Essay

Roots of Indian secularism

Print edition : August 08, 2014

Prime Minister Narendra Modi arrives to address the joint session of Parliament on June 9. Modi spoke of "1,200 years of servitude" in his speech. Photo: PRAKASH SINGH/AFP

M.S. Golwalkar, former RSS chief. He, too, spoke of the "1,200" years of foreign rule. Photo: THE HINDU ARCHIVES

M.S. Golwalkar's predecessor and RSS founder K.B. Hedgewar said "once upon a time" the Muslims of India were "all Hindus". Photo: aS ADas aS

Prime Minister Narendra Modi celebrating the birth anniversary of V.D. Savarkar on May 28 in Parliament. Hindu nationalism seems to be the officially recognised brand of nationalism now. Photo: PTI

Prime Minister Narendra Modi celebrating the birth anniversary of S.P. Mookerjee on July 6 in Parliament. Hindu nationalism seems to be the officially recognised brand of nationalism now. Photo: PTI

1939, New Delhi: Jawaharlal Nehru with Gandhi. Photo: The Hindu Archives

S. Srinivasa Aiyangar. His was the most comprehensive exposition of secularism by any Congress president before Independence. Photo: THE HINDU ARCHIVES

Savarkar at the Hindu Mahasabha's 1939 session in Calcutta, where he rejected the notion that the Mahasabha was a reaction to the Muslim League. S.P. Mookerji (extreme left) was also present. Photo: THE HINDU ARCHIVES

The battle between Indian nationalism and Hindu nationalism must continue to be fought, and not by politicians alone. The roots of Indian secularism lie in the 19th century, as an inseparable part of Indian nationalism.

IT is most amusing to watch the Sangh Parivar select its enemy at one time and drop him to pick on another when circumstances change. Until Independence, Gandhi was the prime enemy whom its ideologue, V.D. Savarkar, successfully conspired to murder. Even after his assassination, the Rashtriya Swayamsewak Sangh (RSS) and the Jana Sangh poured scorn over him; so much so that as late as on October 17, 1989, The Times of India editorially noted, “Mr. (L.K.) Advani while holding forth on ‘Bharat Mata’ now goes so far as to deny that Mahatma Gandhi was the Father of the Nation.” This is perfectly understandable. Advani’s Sangh Parivar was never a part of the freedom movement. Its leaders had collaborated with the British. Witness the umpteen apologies and undertakings their “heroic” icon Savarkar gave to the British from 1911 to 1925 and to the Nehru government in 1948 and 1950 (see A.G. Noorani; Savarkar and Hindutva; Leftword, pages 140-147).

When the Quit India Movement was in full swing, Shyama Prasad Mookerjee, founder of the Jana Sangh, parent to the Bharatiya Janata Party (BJP), was a member of a coalition with the Muslim League in Bengal as Finance Minister. He offered unsolicited advice to the Governor Sir John Herbert, twice, on July 26, 1942, and on August 9, the day after the Quit India resolution: “The question is how to combat this movement in Bengal?” (See Noorani; The RSS and the BJP; Leftword; chapter 4, on the Parivar’s relations with the British and its hatred of Gandhi.) In October 1997, the Congress president, Sitaram Kesri, noted with dismay the BJP’s bid to “hijack” Gandhi.

Hindu revivalism and the nationalist movement

The Hindu revivalist movement ran parallel to the nationalist movement, as did Muslim revivalism. But Muslim leaders such as Mohammad Ali Jinnah, Maulana Azad, the Ali Brothers, Mazharul Haq and others joined the Congress. The Hindu re v ivalist movement was not a reaction to the partition of India , although it exploited it fully and continues still to do so. The roots of Hindu nationalism lay in the 19th century. Sample this from Bankimchandra Chattopadhyaya’s Anand a math (1882). Satyananda says: “The Muslim power has indeed been destroyed, but the dominion of the Hindus has not yet been established.” Contrast this with the Congress’ pronouncements.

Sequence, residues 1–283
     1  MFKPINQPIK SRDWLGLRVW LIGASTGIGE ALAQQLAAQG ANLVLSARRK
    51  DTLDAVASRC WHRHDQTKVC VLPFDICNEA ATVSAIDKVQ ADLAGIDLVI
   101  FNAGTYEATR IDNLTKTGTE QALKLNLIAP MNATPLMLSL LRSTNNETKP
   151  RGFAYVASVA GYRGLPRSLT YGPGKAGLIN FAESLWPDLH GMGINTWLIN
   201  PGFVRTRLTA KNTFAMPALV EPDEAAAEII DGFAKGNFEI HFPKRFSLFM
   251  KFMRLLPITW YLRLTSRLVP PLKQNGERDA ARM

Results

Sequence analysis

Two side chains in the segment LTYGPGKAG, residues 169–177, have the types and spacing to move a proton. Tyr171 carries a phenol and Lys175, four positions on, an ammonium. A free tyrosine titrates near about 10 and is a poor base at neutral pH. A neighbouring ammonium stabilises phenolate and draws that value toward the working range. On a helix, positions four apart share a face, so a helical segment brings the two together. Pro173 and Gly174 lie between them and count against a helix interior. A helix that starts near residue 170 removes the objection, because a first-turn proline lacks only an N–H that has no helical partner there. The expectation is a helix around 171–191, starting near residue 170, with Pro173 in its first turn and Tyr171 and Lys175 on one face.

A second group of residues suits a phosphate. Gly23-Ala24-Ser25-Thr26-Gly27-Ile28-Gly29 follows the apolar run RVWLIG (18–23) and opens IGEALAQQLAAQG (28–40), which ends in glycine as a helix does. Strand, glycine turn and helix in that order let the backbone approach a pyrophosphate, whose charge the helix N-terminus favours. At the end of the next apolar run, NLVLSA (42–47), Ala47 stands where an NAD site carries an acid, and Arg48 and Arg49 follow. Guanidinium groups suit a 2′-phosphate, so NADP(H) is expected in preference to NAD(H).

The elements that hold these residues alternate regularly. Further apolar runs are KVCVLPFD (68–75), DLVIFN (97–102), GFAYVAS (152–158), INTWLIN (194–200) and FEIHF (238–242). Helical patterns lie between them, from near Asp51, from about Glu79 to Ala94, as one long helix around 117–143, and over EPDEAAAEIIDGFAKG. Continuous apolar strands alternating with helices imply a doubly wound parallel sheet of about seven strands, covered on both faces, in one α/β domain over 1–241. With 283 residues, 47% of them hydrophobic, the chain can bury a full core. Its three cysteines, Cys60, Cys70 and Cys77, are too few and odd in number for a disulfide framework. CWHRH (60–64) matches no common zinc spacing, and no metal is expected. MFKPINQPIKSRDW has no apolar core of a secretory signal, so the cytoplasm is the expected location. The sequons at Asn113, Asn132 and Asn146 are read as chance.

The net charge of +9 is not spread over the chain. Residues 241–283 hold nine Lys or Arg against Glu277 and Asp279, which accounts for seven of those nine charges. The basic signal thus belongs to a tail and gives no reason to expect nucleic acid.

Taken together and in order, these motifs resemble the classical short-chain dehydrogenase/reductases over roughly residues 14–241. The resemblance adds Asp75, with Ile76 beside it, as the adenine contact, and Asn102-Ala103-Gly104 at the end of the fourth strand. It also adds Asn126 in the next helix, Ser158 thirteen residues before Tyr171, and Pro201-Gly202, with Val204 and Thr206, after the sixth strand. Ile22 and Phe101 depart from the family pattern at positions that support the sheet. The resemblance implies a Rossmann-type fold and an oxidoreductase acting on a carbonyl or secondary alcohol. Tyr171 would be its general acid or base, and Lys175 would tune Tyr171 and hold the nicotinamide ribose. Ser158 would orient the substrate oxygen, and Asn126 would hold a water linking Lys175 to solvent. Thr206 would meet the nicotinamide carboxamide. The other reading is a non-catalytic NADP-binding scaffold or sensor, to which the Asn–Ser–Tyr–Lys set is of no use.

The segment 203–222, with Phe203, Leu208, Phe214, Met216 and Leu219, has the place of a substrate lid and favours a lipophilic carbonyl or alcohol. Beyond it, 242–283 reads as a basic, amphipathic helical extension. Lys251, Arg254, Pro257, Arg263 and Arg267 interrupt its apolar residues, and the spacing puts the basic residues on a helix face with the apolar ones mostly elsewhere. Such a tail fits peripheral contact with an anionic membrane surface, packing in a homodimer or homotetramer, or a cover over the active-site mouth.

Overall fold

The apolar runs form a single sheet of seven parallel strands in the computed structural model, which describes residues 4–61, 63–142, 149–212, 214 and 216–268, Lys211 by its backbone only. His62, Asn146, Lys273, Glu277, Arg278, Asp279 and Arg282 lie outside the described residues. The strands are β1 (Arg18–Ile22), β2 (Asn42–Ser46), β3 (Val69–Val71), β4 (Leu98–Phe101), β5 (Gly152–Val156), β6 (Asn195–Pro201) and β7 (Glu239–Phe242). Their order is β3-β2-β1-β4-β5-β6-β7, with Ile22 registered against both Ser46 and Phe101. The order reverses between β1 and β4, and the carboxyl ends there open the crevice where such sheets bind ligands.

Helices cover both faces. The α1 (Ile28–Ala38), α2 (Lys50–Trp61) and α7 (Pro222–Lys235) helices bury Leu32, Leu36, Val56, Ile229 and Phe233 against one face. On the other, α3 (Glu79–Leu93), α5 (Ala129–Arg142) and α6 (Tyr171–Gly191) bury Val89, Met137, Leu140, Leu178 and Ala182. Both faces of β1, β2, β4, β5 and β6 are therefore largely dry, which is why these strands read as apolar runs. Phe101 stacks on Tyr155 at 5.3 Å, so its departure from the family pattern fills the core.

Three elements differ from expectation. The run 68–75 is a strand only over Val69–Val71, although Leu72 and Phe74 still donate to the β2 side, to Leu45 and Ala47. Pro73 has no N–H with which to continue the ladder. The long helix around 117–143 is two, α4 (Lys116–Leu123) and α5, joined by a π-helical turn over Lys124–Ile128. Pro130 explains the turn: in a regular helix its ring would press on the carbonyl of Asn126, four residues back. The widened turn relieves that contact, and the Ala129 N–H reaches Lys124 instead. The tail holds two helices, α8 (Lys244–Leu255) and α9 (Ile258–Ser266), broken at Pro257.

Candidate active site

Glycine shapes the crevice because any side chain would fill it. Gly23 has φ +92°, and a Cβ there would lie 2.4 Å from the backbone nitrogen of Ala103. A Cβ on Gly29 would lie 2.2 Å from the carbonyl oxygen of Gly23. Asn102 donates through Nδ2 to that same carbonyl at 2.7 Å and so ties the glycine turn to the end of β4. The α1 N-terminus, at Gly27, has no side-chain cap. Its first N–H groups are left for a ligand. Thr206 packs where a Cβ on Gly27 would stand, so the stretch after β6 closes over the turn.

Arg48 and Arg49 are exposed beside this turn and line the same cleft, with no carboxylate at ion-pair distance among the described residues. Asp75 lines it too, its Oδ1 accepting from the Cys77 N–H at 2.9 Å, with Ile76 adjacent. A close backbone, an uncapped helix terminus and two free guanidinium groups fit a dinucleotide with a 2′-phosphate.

The Sangh Parivar hated Gandhi because he advocated Hindu-Muslim unity. It has loathed, and continues still to loathe, Jawaharlal Nehru because he stood like a rock against the Parivar and its allies in the Congress’ attempts to exploit the partition to instal a Hindu state in all but name. Nehru articulated the nuances of India’s secularism; but he did not impart that ideology to the nation. Its roots lay in the 19th century and was in fact an inseparable part of Indian nationalism itself.

Of the first three presidents of the Indian National Congress, only one was a Hindu, W.C. Bonnerjee of the First Congress held at Bombay in 1885. Dadabhai Naoroji presided over the Second in Calcutta (1886) and Badruddin Tyabji over the Third (1887) in Madras. He said: “I must honestly confess to you that one great motive, which has induced me in the present state of my health to undertake the grave responsibilities of presiding over your deliberations, has been an earnest desire, on my part, to prove, as far as in my power lies, that I, at least, not merely in my individual capacity, but as representing the Anjuman-i-Islam of Bombay (loud applause), do not consider that there is anything whatever in position or the relations of the different communities of India—be they Hindus, Mussulmans, Parsees, or Christians —which should induce the leaders of any one community to stand aloof from the others in their efforts to obtain those great general reforms, those great general rights which are for the common benefit of us all.” ( The Indian National Congress (1885-1910), containing the full texts of Presidential Addresses and Resolutions; G.A. Natesan & Co. Esplanade, Madras, Rs.8). Not a little credit is due to this devoted chronicler of the freedom movement.